Contact: Rose King, firstname.lastname@example.org, 503.863.1363
HB 4003 builds on the work to prevent profiling by law enforcement, next step in fight to change culture of policing
(Salem, Ore.)—The Oregon House today passed House Bill 4003, sending the bill to the Oregon Senate for approval. The legislation—co-sponsored by Speaker Tina Kotek of Portland, Representative Jennifer Williamson of Portland and Representative Joe Gallegos of Hillsboro—extends the “Work Group on the Prevention of Profiling by Law Enforcement,” which was established by the legislature in 2015 to help build a system to identify, record, and correct profiling by Oregon law enforcement agencies. The bill passed the House unanimously.
“The approach is an example of what works and what we need to encourage. In 2015 we passed HB 2002, which defined profiling in the state and called for the work group to study the issues surrounding profiling and provide recommendations to the chamber by December 1st...I would encourage you to allow this group to continue to work and to come back with some good information for us so that we can in fact do something to make sure all people who live in the state of Oregon are treated fairly,” Representative Lew Frederick said Friday on the House floor.
Eighty-five percent of Oregonians believe that law enforcement should not be allowed to profile. Yet every day, people are targeted based on their race, ethnicity, religion, national origin, language, housing status, sexual orientation or gender identity. In a national 2014 survey, 73 percent of all LGBT people and people living with HIV reported having face-to-face contact with police during the past five years. African Americans are five times more likely to be pulled over in a vehicle, even though Caucasians are three times more likely to have contraband.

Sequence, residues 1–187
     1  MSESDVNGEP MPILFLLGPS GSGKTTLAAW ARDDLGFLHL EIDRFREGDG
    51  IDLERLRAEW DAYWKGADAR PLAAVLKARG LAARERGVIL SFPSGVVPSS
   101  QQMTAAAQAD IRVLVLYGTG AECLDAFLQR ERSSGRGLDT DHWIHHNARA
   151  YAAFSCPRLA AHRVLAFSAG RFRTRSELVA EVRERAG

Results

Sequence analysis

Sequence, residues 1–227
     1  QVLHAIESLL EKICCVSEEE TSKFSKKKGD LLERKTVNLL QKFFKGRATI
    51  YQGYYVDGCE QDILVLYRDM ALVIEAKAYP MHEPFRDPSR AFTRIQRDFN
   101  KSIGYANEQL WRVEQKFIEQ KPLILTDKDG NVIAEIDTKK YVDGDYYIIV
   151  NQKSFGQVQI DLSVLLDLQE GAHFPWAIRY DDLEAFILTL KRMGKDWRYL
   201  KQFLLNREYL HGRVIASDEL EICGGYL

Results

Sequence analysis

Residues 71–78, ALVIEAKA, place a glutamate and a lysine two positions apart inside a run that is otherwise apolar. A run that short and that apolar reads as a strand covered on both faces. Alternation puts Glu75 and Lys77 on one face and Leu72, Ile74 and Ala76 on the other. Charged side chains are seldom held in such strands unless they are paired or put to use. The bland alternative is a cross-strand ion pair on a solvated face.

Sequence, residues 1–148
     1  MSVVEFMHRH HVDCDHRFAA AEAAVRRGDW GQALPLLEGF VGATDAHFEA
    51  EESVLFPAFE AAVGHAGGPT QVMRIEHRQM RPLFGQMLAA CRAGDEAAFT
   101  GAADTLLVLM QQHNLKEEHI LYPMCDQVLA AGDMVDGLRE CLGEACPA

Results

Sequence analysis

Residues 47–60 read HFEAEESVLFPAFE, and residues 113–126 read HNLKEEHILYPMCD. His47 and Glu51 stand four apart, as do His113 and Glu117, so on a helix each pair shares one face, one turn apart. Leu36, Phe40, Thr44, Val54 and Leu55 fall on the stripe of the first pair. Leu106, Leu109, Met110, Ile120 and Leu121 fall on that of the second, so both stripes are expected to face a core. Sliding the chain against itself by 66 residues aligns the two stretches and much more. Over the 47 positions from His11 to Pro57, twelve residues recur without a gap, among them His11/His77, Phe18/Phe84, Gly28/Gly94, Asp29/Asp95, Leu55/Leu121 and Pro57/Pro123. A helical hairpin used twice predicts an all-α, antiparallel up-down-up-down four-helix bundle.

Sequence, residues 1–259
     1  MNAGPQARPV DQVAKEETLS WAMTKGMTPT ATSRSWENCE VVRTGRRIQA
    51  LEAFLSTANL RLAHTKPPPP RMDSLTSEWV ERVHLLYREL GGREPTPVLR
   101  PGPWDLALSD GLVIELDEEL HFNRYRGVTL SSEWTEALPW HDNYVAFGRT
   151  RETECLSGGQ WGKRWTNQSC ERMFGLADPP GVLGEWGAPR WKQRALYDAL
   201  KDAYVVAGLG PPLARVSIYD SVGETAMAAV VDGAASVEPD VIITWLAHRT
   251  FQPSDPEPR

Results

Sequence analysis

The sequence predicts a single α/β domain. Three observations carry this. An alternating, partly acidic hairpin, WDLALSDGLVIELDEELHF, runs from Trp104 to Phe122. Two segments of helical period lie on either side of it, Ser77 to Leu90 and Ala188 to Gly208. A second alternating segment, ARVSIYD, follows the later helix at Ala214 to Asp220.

In 2015, Oregon joined more than 40 states in defining and banning the harmful practice of police profiling. The 2015 bill, HB 2002, established a system for reporting complaints; created a plan for collecting and sharing data; required local law enforcement agencies to adopt written policies prohibiting profiling; and created the Work Group on the Prevention of Profiling by Law Enforcement, tasked with developing a process for identifying and correcting patterns and practices of profiling.
“As a work group member, I listened to communities share their experiences with profiling,” said Kayse Jama, Executive Director of CIO and Fair Shot For All coalition member. “Profiling inevitably breeds distrust in law enforcement, which in turn undermines the safety of all Oregonians. Change isn’t going to happen overnight. I commend the house supporting the next steps in this incredibly important work.”
Following the passage of HB 2002, Attorney General Rosenblum and work group members held several listening sessions around the state. Residents came forward to share the emotional, psychological, physical and financial trauma they experienced as a result of profiling happening in their communities. Together, the work group released a report outlining recommendations to prevent and respond appropriately to profiling by law enforcement.
HB 4003 directs the Attorney General and the Work Group on the Prevention of Profiling by Law Enforcement to continue meeting and to issue a report with recommendations for legislation by December 1, 2016.
The bill now awaits further consideration in the Senate.